As the COVID-19 pandemic has continued to escalate, both the Food and Drug Administration (“FDA”) and the U.S. Department of Agriculture (“USDA”) have issued guidance and public statements advising manufacturers and distributors in the food and agriculture industry how best to maintain worker safety and sanitation in food production facilities.

In sum, both the FDA and USDA currently emphasize that foodborne exposure is not known to be a route of transmission of COVID-19 and defer to local rules and pre-established guidelines with regards to maintaining clean food facilities.  Below are highlights from FDA and USDA on worker safety and sanitation in food production facilities in light of the coronavirus pandemic:

A. Overview:

  • “Food facilities, like other work establishments, need to follow protocols set by local and state health departments, which may vary depending on the amount of community spread of COVID-19 in a particular area.” – USDA.
  • “We do not anticipate that food products would need to be recalled or be withdrawn from the market because of COVID-19, as there is currently no evidence to support the transmission of COVID-19 associated with food or food packaging.” – FDA.

B. Worker Safety:

  • “In food production/processing facilities and retail food establishments, an evaluation should be made to identify and implement operational changes that increase employee separation. However, social distancing to the full 6 feet will not be possible in some food facilities.” – FDA.
  • “If an employee is confirmed to have COVID-19, employers should inform fellow employees of their possible exposure to COVID-19 in the workplace but maintain confidentiality about individual employees’ identities.” – FDA.
  • In addition, if an employee is confirmed to have COVID-19, “facilities should re-double their cleaning and sanitation efforts to control any risks that might be associated with workers who are ill…[f]or example, facilities are required to maintain clean and sanitized facilities and food contact surfaces.” – FDA.
  • With regards to steps that food manufacturers and distributors should take to prevent employee exposure to COVID-19, the FDA cites to OSHA’s non-binding Guidance on Preparing Workplaces for COVID-19, which includes the following steps that employers should take:
  • promoting frequent and thorough handwashing;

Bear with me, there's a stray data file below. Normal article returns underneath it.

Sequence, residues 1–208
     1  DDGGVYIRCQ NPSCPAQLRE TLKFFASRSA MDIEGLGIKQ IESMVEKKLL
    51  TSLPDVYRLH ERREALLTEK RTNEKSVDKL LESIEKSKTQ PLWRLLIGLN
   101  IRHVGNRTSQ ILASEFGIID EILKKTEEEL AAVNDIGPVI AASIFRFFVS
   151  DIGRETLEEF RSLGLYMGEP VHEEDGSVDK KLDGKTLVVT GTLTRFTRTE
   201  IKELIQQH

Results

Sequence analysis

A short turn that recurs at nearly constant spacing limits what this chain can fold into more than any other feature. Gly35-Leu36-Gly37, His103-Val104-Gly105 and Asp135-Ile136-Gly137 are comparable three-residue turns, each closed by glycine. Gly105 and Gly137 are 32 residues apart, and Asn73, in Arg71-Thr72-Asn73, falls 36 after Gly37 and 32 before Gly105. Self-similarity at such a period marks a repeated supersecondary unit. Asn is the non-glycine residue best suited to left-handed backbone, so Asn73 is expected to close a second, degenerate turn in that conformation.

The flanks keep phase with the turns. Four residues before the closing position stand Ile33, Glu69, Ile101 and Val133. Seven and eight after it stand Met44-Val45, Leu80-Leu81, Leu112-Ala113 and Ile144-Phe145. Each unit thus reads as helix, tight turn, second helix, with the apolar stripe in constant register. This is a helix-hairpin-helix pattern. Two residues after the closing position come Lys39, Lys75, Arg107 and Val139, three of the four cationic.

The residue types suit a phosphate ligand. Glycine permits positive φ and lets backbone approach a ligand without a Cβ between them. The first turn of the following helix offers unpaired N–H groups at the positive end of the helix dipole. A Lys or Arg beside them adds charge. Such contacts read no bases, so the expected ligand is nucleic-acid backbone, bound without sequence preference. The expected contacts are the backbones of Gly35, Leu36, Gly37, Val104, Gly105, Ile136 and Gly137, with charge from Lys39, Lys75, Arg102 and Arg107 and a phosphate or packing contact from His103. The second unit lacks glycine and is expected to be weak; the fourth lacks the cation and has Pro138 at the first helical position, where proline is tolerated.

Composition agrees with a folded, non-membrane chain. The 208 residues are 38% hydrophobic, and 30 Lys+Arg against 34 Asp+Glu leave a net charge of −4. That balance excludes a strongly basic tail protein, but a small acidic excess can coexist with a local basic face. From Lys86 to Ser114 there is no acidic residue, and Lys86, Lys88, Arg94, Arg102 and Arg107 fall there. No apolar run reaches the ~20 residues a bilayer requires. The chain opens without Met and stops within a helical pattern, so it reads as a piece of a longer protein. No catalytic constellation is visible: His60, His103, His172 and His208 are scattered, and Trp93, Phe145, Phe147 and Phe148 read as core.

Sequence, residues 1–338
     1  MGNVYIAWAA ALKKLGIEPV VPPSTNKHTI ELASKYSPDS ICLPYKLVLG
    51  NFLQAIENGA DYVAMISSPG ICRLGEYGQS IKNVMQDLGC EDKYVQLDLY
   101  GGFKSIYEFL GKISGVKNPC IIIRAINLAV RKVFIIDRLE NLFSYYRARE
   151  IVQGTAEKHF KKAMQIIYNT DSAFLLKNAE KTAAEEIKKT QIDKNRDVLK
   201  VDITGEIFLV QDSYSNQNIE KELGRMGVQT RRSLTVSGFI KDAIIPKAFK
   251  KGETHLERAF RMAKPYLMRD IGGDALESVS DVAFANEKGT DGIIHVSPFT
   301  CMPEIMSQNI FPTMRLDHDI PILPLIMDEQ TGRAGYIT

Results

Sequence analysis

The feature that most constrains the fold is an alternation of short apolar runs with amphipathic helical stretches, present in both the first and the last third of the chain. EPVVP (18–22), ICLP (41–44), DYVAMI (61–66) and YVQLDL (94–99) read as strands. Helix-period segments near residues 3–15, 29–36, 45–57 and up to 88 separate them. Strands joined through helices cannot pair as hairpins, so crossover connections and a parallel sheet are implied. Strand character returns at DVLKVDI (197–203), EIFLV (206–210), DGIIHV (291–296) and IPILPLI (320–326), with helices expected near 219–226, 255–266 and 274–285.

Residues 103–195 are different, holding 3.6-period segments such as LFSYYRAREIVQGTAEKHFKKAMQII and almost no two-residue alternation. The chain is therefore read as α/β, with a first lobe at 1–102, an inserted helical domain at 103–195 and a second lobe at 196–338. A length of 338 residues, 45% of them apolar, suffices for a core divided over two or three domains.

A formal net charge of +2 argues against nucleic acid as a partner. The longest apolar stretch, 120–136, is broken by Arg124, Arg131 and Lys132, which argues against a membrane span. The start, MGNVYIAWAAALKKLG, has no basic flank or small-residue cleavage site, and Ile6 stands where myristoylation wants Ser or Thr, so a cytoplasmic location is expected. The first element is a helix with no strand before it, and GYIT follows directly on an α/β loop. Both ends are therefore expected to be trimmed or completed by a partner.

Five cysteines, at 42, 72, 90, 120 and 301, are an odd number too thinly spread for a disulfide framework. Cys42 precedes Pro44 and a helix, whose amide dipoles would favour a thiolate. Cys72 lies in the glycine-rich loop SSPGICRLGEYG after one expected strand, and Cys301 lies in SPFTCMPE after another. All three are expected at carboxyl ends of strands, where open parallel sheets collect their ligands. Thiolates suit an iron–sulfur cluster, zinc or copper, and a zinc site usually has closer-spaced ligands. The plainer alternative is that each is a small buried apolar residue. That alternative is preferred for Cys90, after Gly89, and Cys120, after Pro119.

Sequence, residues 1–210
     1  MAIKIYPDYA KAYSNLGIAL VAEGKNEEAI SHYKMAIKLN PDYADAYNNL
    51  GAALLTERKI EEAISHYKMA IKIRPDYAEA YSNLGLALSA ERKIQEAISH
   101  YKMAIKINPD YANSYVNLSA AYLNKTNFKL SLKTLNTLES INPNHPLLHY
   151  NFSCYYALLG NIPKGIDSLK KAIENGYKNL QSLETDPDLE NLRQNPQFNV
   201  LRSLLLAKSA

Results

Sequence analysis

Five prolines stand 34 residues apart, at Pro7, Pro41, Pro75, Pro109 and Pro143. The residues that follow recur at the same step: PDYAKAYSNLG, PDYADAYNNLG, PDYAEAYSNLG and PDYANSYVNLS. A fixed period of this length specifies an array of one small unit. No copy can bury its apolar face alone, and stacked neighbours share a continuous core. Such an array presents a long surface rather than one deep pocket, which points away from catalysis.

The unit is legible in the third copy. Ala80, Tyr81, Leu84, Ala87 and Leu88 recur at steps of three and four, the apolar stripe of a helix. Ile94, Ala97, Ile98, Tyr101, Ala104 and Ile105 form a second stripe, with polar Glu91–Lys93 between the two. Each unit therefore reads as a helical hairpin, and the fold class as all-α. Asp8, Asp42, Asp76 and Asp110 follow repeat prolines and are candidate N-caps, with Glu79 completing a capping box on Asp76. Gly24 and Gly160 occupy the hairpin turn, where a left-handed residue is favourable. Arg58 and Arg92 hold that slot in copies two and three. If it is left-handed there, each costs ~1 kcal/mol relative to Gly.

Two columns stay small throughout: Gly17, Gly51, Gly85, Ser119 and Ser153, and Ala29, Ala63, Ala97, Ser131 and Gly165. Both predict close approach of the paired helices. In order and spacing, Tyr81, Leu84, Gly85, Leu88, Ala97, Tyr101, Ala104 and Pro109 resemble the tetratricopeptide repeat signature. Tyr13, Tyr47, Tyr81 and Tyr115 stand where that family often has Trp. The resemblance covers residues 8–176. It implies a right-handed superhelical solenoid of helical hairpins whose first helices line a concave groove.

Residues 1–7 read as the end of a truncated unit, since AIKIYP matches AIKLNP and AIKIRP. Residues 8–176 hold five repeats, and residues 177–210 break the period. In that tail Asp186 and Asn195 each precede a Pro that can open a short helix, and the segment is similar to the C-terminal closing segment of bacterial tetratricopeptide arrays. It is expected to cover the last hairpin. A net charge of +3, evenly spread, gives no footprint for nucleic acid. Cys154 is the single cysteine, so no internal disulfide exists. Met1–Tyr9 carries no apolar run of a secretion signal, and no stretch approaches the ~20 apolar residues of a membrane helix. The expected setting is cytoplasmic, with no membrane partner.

• encourage sick workers to stay home ;
  • encourage respiratory etiquette, such as covering your mouth when you sneeze;
  • provide tissues and trash bins;
  • if possible, establish flexible worksites and flexible work hours;
  • discourage workers from using other workers’ supplies;
  • regularly disinfect surfaces; and
  • develop policies and procedures for prompt identification and isolation of sick workers, if appropriate.

C. Sanitation:

  • “[I]t’s always critical to follow the 4 key steps of food safety—clean, separate, cook, and chill – to prevent foodborne illness.” – FDA.
  • “[H]and sanitizers may be used in addition to or in combination with proper handwashing. CDC recommends that everyone wash their hands with plain soap and water. Alcohol-based hand sanitizers may be used if plain soap and water are not available.” – FDA.
  • “Food facilities are required to use EPA-registered ‘sanitizer’ products in their cleaning and sanitizing practices. In addition, there is a list of EPA-registered ‘disinfectant’ products for COVID-19 that [are] qualified under [the Environmental Protection Agency],” which can be found here. – FDA.
  • “You should only wear a mask if a healthcare professional recommends it. A facemask should be used by people who have COVID-19 and are showing symptoms.” – FDA.
  • “As an extra precaution to help avoid the transmission of COVID-19 through surface contact, we recommend frequent washing and sanitizing of all food contact surfaces and utensils.” – FDA.

Bryan Cave Leighton Paisner LLP has extensive experience helping clients with all legal issues arising in the food and agribusiness industries.  We will continue to monitor developments amid the COVID-19 pandemic and are ready to help address your questions and concerns. Please do not hesitate to reach out to the authors of this Client Alert or any member of BCLP’s Food and Agribusiness Team if you have any questions, and you can follow our ongoing COVID-19 coverage at bclplaw.com.